Story is still on-track, after one session. Which is good – the players haven’t managed to derail things yet 🙂 . Players are participating by dropping story hooks, although we can’t incorporate them all. I have found that it is a Kajillion times easier to plan sessions with another person – the co-DM aspect is working out superbly well. At present, she does right-brain and I do left-brain.

Haven’t nailed down XP, which is very important. Players play for loot and XP – you want to power up your character. I’d like to go with actual tracked XP, so as to encourage people to actually show up on game night.

Next session has cool (well, I think it’s cool) plot and world-building stuff, but obviously I can’t talk about it here. I shall have to do it either though the medium of interpretative dance, or though the game itself. Which is the whole idea.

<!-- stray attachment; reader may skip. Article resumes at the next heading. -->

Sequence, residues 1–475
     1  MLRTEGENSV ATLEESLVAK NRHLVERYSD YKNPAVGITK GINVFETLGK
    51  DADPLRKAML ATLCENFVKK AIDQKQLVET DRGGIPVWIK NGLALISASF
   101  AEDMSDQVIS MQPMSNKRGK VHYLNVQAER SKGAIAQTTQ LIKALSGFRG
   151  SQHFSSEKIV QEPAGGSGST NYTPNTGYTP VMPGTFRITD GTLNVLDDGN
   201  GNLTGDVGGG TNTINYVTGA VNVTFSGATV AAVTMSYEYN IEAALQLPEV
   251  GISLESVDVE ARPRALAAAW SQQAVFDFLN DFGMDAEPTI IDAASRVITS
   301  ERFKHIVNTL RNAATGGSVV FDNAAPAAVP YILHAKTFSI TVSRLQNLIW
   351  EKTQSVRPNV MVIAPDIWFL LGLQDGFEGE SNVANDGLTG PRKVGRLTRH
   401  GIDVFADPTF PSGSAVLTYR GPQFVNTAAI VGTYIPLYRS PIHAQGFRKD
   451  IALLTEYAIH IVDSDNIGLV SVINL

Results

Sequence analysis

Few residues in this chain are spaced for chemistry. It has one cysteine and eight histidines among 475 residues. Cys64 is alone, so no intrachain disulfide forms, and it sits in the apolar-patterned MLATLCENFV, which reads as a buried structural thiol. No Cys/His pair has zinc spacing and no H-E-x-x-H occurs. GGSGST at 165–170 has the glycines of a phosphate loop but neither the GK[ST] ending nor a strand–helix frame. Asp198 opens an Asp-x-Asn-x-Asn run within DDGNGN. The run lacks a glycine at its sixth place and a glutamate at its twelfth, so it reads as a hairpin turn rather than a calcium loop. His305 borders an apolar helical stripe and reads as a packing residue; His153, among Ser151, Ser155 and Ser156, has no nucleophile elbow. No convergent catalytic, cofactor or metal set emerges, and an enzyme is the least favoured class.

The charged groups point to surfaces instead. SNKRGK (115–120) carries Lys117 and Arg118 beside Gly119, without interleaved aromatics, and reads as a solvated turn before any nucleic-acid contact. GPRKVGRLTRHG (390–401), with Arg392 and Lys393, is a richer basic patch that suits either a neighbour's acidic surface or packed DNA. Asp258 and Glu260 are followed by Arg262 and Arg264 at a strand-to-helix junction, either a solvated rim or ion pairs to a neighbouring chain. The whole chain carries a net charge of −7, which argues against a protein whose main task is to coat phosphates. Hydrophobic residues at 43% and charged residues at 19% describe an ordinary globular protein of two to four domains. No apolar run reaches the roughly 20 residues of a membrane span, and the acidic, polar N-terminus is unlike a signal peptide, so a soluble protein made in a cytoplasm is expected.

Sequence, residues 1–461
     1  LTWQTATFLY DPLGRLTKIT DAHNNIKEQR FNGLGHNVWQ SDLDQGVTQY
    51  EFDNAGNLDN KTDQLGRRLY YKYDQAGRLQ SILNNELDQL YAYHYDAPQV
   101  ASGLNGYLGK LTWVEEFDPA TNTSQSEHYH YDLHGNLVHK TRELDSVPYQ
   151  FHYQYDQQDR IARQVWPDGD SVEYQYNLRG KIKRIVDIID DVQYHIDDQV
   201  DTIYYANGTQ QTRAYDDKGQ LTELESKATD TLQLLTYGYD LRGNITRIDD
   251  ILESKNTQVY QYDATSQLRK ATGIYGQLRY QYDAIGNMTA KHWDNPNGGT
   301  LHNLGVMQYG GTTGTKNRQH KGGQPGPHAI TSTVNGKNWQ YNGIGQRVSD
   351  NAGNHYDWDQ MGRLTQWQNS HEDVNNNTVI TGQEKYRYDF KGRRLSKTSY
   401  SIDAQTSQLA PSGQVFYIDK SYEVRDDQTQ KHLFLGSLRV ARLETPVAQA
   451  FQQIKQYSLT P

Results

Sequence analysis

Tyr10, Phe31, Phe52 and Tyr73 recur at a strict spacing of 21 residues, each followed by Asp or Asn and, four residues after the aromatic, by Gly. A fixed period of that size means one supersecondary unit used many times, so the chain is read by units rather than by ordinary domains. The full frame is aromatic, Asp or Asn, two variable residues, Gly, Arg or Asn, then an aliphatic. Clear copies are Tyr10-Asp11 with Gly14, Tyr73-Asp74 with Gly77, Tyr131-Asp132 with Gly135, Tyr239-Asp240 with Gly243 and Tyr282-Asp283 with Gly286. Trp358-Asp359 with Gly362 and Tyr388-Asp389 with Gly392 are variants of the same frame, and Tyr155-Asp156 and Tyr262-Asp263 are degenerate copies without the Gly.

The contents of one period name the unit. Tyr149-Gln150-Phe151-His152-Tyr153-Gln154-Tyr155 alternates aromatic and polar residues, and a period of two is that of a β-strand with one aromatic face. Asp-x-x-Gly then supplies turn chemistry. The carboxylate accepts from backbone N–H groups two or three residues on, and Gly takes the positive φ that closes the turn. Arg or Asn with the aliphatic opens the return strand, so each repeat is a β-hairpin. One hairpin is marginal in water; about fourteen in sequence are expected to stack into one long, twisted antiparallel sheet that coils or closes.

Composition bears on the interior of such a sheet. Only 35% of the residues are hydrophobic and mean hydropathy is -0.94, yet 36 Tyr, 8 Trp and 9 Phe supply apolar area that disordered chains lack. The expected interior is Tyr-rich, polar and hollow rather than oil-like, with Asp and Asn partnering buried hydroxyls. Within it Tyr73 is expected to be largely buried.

Season 5 prep

20 November, 2012

My glamorous co-DM and I playtested the Seas of Blood rules for tactical ship movement and mass crew combat.

The consensus was: tactical ship movement suffered the flaws of turning the game into a chess/wargame, and that of being between one player (the captain) and the DM – much like the “Crime Pays” game add-on that I have discussed before. D&D is about encounters. They can be social/skilly sort of encounters or they can be combat, but maneuvering ships around a grid is not D&D.

The group combat rules were fine, though. The entire “crew” is turned into a single stat block, and the two crews fight one another while the players have their fight with the bosses. The crew’s hit dice serve in place of hp, and if one crew is much bigger than the other, it gets bonuses to hit and damage. The upshot is that the crew combat happens at pretty much the rate that the player’s fight happens.